To get more famous and known, Outback Steakhouse used only local advertising and word of mouth methods to communicate about its restaurants. But in 1994, when Nancy Schneid arrived in the company as Outback Steakhouse's vice president of marketing, a full scale national media program was settled to advertise on the restaurants. This communication policy coincided with the expansion opportunities Outback Steakhouse met by opening many other franchisees in the early 90's.

Considering Outback Steakhouse's successful development in United States and the fact that within few years the US market would have been saturated, the company started to think about capture other markets around the world. This raises many interrogations regarding Outback Steakhouse's strategy: how to increase expertise of new markets worldwide and optimize their integration? Can a strong corporate culture be exported outside an initial market? How to increase their awareness worldwide without losing their original culture? And how to adapt their services to different cultures?
Outback Steakhouse wanted to expand its activity in the early 90's by opening 300 to 350 new stores including some with the joint venture on the Italian dining segment. This new opportunity happened at a time when demography and people's habits and ways of life changed: both parents, whose incomes have increased, are working and they more able to afford a diner at the restaurant than before. There was also an increase of franchising businesses in every sector, especially on the food industry which offered consumers more choices to experiment. These changes were at that time universal with the globalisation. The best example being the one of Mc Donald's which settled successfully in almost every single country of the planet. This major change was notably facilitated by the increase of international transportation and communication, higher educational level, women in the workforce, demographic concentration in urban areas, young people eager for new products... What is more, with the fall of communism in the early 90's, new markets became available.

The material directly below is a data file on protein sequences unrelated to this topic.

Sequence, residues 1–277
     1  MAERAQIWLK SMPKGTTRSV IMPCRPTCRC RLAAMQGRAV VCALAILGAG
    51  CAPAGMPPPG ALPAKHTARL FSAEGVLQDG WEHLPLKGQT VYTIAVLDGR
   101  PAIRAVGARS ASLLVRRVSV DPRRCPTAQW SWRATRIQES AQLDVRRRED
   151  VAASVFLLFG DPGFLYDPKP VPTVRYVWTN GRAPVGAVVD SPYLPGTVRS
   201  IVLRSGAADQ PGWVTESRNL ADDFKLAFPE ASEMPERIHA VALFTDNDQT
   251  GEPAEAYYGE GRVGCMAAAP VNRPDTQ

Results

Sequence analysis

Outback Steakhouse's will to settle on other markets was then fully justified but not as easy as they thought. Internationalisation represents some danger as well such as the misunderstanding of local cultures and religions, the fact that they might not find the same target as in the US in other countries and meet the problem of restrictive trade policies in some countries that might be a barrier for the company. However, Outback Steakhouse's strategy was rather prudent as they wanted then to open new restaurants step by step, continent by continent starting from Canada and South America, Hawaii, to Asia in Korea and Japan and finally to Europe through a first integration in UK.

There are few recommendations that could be given to Outback Steakhouse in order to make its internationalisation a success and to keep its strong position on the US market.
Nationally, they could increase their advertising at a national level thanks to bigger media and better integrate shareholders in the company's culture. They also might be careful about finding a good and different target market for the Italian dining segment in which they started activities thanks to a joint venture.
On the international point of view, Outback Steakhouse should maybe be careful about the legal environment of the markets on which they want to settle, try to adapt its services and offers to the different cultures they will meet and as it is suggested in the case study, choose carefully local suppliers with high quality standards before anything.